A Century of Greenkeeping
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A celebration of the history of The Ontario Golf Superintendents Association. A unique story of the unsung heros, and an interesting look at the development of the profession.


Gordon Witteveen was born in The Netherlands in 1934 and upon arrival in Canada some twenty years later, attended the Ontario Agricultural College in Guelph. During summer vacations he developed a love of golf while working at the Noranda mines Golf Course in the province of Quebec. Upon graduation from college (1958), he became the superintendent at London Highland Country Club. After three years he moved to Toronto and for twelve years was the superintendent as the now defunct Northwood Golf Course. It was during this period that he became involved with the Ontario Golf Superintendent's Association and later helped start the Canadian Golf Superintendent's Association.
He initiated The Green Master magazine and served as its editor for five years. Witteveen also served on the Gold Course Superintendent's Association of America as a director and remains active in that association as a member of the Historical Preservative Committee.
In 1973 he became Superintendent of the 36-hole Board of Trade Country Club which expanded to 45 holes by designing and constructing the 9-hole south course just a few years later. Since retiring from the Board of Trade in 1999, Witteveen reopened a dormant 9-hole layout near Brantford. The Pleasant View Golf Club is owned and operated by the Witteveen family.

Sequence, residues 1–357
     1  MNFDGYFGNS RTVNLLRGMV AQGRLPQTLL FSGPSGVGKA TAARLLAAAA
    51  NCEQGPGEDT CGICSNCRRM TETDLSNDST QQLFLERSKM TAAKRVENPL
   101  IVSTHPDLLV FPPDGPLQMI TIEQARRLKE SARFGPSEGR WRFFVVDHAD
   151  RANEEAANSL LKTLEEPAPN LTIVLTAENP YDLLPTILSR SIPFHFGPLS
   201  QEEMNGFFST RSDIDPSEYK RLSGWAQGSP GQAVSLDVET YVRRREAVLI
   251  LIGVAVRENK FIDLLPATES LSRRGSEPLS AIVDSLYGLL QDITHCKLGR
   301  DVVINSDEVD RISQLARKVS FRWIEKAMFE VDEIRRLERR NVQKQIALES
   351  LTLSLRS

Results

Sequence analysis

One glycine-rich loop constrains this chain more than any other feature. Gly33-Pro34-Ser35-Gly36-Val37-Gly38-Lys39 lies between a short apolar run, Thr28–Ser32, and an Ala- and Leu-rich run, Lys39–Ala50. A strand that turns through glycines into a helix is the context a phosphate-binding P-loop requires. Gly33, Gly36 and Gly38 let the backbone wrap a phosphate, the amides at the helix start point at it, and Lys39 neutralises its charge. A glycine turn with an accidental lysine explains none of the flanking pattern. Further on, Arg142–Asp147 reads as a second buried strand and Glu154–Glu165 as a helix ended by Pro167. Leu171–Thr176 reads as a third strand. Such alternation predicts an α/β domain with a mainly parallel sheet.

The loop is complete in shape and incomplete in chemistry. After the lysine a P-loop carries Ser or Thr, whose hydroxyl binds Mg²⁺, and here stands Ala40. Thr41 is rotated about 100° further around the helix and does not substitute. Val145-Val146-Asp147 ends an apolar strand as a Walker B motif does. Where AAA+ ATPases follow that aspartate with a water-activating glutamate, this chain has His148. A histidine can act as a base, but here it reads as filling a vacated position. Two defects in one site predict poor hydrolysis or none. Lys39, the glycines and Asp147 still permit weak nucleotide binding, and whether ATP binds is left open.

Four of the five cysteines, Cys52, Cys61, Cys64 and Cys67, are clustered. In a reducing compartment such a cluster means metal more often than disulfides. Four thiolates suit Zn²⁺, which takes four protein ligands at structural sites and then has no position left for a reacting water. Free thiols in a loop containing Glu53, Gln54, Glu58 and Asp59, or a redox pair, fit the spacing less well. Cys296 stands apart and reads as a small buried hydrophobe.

Gordon Witteveen is world traveler who has visited and played golf courses all over the globe. Often during his travels he made presentations such as "25 Years of Mistakes." Together with his colleague, Michael Bavier from Chicago, Witteveen co-authored a book titled Practical Golf Course Maintenance. A seminar based on the book The Magic of Greenkeeping has been presented all over Canada, the USA, and beyond. Witteveen is a regular columnist for a number of magazines, and he has received the Leo Feser Award for writing excellence in the American Golf Course Management magazine. He is also a teacher and lecturer, but his most lasting contribution to golf is the many young men and women he has mentored who have followed in his footsteps.


Chapter 1. Golf in the Beginning.

Chapter 2. Between the Wars, the Roaring Twenties and the Great Depression.

Chapter 3. Other Greenkeepers from Between the Wars.

Chapter 4. John Gray, Greenkeeper, Essex GC.

Chapter 5. World War II and the Early Growth of Golf.

Chapter 6. Boom Times.

Chapter 7. Our Children and Our Dear Friends.

Greenkeepers of the Twentieth Century.